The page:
The great tradition of picking a perfect pumpkin from a patch and taking it home to gut and carve. A popular activity during the fall season, especially around Halloween. A strange yet common practice among families but where did it come from and how did it become such a popular tradition?
Well you can thank the Irish potato famine and Abraham Lincoln. From 1844 to 1855 more than 1.5 million Irish people fled to America to find a better fate than starvation through the great hunger. A period of vast disease and starvation lasting from 1845 to 1849 resulting in over one million deaths. Then in 1862 during his presidency, Abraham Lincoln signed the homestead act into law allowing people to claim free land in the west. Advertisements were sent to other countries resulting in more Irish immigrants bringing the notion to America due to an old story of a guy named Jack.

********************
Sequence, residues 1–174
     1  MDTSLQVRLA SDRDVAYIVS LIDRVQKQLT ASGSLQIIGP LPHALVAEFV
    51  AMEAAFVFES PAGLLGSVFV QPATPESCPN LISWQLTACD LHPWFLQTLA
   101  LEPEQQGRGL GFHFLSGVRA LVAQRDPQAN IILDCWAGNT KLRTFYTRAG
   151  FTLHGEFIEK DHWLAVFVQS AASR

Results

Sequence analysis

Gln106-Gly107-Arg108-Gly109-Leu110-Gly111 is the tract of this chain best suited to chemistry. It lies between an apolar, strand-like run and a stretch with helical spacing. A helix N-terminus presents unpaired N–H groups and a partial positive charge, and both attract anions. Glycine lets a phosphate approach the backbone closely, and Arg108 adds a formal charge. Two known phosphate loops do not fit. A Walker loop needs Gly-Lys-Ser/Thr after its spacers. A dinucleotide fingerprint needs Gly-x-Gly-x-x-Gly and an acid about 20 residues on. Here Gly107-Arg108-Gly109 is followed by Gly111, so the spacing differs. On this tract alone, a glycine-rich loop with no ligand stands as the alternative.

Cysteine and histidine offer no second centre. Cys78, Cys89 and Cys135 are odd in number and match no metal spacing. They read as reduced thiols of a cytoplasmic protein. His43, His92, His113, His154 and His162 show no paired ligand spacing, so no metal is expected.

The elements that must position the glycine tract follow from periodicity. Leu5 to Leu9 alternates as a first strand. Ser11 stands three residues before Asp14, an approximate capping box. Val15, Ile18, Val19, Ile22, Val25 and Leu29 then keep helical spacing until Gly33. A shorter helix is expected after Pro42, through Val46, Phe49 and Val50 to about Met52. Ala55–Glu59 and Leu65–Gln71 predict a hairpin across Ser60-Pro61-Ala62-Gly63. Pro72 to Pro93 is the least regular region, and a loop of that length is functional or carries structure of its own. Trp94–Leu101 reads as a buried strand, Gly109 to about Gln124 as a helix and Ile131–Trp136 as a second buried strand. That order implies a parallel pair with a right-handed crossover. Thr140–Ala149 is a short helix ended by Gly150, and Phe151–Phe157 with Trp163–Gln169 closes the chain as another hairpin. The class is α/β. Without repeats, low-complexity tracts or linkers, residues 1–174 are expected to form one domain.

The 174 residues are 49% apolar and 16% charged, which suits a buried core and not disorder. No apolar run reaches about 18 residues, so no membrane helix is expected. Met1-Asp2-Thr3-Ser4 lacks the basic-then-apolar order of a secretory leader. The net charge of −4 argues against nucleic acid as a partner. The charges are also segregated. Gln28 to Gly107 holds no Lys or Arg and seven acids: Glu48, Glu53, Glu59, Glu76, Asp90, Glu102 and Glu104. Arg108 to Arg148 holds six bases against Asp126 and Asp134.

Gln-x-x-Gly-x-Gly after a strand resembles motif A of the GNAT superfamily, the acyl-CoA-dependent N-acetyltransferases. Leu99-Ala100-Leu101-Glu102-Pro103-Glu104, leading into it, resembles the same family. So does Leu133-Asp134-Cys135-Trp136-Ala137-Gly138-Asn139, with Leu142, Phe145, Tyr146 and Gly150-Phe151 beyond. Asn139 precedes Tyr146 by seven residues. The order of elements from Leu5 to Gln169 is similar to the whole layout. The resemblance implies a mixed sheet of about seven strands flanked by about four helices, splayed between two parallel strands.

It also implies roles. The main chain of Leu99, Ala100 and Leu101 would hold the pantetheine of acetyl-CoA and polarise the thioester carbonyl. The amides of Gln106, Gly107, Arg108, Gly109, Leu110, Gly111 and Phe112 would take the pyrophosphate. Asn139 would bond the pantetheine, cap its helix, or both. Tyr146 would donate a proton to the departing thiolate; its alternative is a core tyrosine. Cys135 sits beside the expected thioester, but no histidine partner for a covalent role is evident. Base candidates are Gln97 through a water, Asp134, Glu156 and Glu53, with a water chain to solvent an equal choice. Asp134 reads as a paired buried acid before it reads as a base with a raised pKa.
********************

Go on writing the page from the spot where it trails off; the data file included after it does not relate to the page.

Jack was a trickster who lived a hateful life, and one day he met the devil at a bar and promised his soul in exchange for a drink but never let up. When Jack died he was denied both heaven and hell, cursed to roam the dark underworld with a lit turnip. Yep, originally the Irish hollowed out turnips, rutabagas, gourds, potatoes, and beets. After immigrating they found pumpkins to be easier to hollowed out and switched.
But what does that have to do with Halloween? Well, as some may know, Halloween is based Celtic festival Samhain, a celebration in ancient Britain and Ireland. So when both moved they brought the tradition along, putting various types of foods in their windows with carved faces to scare wandering spirits.